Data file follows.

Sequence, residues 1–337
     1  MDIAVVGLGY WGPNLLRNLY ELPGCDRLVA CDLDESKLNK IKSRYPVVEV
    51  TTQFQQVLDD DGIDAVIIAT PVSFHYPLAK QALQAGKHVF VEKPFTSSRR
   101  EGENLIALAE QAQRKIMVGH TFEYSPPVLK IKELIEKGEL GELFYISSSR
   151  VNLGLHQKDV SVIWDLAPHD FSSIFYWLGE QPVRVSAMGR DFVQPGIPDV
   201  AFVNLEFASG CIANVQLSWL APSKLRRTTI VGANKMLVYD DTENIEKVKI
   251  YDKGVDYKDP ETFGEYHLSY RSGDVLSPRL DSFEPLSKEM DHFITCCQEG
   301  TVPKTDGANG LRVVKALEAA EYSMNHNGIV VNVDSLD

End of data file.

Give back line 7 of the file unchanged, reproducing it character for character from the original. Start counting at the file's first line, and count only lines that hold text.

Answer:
   251  YDKGVDYKDP ETFGEYHLSY RSGDVLSPRL DSFEPLSKEM DHFITCCQEG